SOP: New Penalties Spark Calls for Clarity

KUALA LUMPUR: The sharp rise in the maximum penalties for businesses and individuals flouting the Movement Control Order’s (MCO) standard operating procedures (SOP) has raised eyebrows over the eye-watering fines involved.

Most businesses agreed that the new RM50,000 maximum penalty, up from a maximum of RM10,000 previously, for companies that breached the SOP was warranted to ensure that everyone toed the line in the ongoing fight against Covid-19.

They, however, called for greater clarity on the SOP dos and don’ts ahead of March 11, when the new compounds come into force to avoid any confusion.

Sunway Malls and Theme Parks chief executive officer H.C. Chan said the increase reflected the severity of the Covid-19 pandemic as the authorities continued to deal with daily breaches of the SOP.

He, however, noted that to ensure clarity among the public on the SOP, the scope and alignment of enforcement standards must be precise and consistent.

“The higher fines are intended to act as a deterrent, but it has to be cautioned that it doesn’t necessarily become an additional burden of cost to businesses that are already severely impacted by the pandemic.

“For Sunway Malls, safety is paramount and principal. Ever since the first MCO, we had already implemented 82 strict safety and health protocols across our malls.

“A total of 12,000 staff have already been acclimatised to this stringent environment and procedures.

“Hence, we don’t foresee any hindrance operationally arising from this new measure as the system is already in place,” he said.

Chan added that it was the operators’ responsibility to ensure SOP compliance by carrying out audits and checks on the premises’ safety protocols at all times.

He nonetheless expressed concern over the tenfold compound increase for the general public.

“The increase in fines is very punitive and punishing to many, especially for those from the B40 group.

“This high cost of deterrence can have serious economic and social ramifications. It would be better to exercise this judiciously.”

On Thursday, an update of the Emergency (Prevention and Control of Infectious Diseases) (Amendment) Ordinance 2021, via a federal gazette, stated that from March 11, companies or corporations that violated the SOP can be fined up to RM50,000.

Individuals who violate the SOP, meanwhile, could be fined up to RM10,000.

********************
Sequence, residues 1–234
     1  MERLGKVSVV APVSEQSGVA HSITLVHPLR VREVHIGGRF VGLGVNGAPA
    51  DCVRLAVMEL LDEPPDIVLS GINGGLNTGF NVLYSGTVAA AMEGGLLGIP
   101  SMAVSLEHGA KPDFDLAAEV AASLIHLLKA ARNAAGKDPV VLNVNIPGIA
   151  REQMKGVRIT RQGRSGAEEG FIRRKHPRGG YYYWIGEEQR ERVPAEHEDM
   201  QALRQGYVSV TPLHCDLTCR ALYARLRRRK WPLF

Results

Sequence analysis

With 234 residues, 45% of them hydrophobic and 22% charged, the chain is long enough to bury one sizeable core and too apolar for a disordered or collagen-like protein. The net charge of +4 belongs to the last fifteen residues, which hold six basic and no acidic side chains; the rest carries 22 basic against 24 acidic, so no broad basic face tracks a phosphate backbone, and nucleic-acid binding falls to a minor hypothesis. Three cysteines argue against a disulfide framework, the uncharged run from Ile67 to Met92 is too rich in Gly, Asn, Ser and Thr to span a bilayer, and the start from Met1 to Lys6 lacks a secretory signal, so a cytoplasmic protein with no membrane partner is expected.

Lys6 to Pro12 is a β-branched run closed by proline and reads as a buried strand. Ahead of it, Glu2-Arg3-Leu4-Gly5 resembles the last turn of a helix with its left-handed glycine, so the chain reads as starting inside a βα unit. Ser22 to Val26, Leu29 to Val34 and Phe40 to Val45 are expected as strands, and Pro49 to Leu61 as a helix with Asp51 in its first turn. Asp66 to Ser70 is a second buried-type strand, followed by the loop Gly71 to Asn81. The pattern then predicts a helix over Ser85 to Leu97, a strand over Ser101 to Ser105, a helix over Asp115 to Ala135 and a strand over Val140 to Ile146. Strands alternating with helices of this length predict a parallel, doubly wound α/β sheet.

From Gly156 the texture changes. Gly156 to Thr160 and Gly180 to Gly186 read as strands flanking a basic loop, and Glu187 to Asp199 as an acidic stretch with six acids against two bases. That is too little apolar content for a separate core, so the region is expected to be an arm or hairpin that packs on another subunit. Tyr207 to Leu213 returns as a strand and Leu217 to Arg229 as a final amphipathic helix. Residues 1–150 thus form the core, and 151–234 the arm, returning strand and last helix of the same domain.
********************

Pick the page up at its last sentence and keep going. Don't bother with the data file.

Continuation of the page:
Malaysian Muslim Restaurant Owners Association, which has more than 3,500 restaurants under its banner, conceded that the continuous breaches of SOP had prompted the government to adopt the new measures.

Its president, Datuk Jawahar Ali Taib Khan, said they understood the need to raise the compound to ensure strict compliance from the public as the country battled the pandemic.

“However, there’s also a real concern that the compound may burden businesses which are already severely financially affected. Some operators are surviving month to month,” he said.

“We hope there is greater check and balance by enforcement officers when inspecting business outlets.

“Operators are embracing the ‘new normal’ by adhering to the SOP but it’s hard to keep up when there are sudden changes.”

Jawahar also cautioned that patrons could be heavily fined for the slightest error.

“I was told that there was an incident where an elderly patron mistakenly wrote his phone number wrongly in the registration book. Police then issued him a RM1,000 compound.”

Not all businesses, however, believed that heavier penalties was the way to go.

Datuk Sivakumaran Nair, the protem chairman of Persatuan Pengusaha Restoran, Bar dan Hiburan, said more engagements with stakeholders might elicit better compliance from industry players.

“Each industry has a unique way of operating. The government should discuss with them before formulating the SOP and then act as per the industry’s requirements,” he said.

“We cannot assume all businesses operate the same way as restaurants and eateries do. Many restaurant bars are already struggling to make ends meet and heavier penalties will only add to their burden.

“The authorities must first issue warnings to particular premises. Penalties should only be imposed for repeat offenders.”

Association of Restaurant and Bistro Owners adviser Jeremy Lim urged the government to clarify what constituted SOP violations ahead of the March 11 deadline, when the new maximum compounds kick in.

This, he said, was crucial to avoid confusion among patrons and business owners.

“We welcome the stringent compounds by the government to ensure better compliance from the public.

However, we hope the authorities will come up with clear guidelines before March 11,” he said.

“Any compound will pose a risk to businesses. Most of us are already struggling.”

Karaoke centre operators, however, believed that the new fines were unnecessary.

Karaoke Manekineko Malaysia food and beverage and marketing manager Mohd Saifullah Rusli said it would only burden entertainment industry players who were already struggling.

“Our sector has already been in a rigidly-regulated environment and the SOP for the industry is stricter than most,” he said.

“Since the pandemic began, karaoke centres operated only between July and October last year and then for a few weeks in December before MCO 2.0 was implemented.

“Within this short period, we adhered to all the SOP and also limited our capacity to 50 per cent. We have yet to see any ‘karaoke clusters’ or ‘cinema clusters’ because of our strict compliance. And yet, it is very unfortunate that we are not allowed to operate yet.”

Saifullah said they had started an online petition to push for karaoke centres to be reopened soon. The petition had garnered almost 2,000 signatures up to yesterday.


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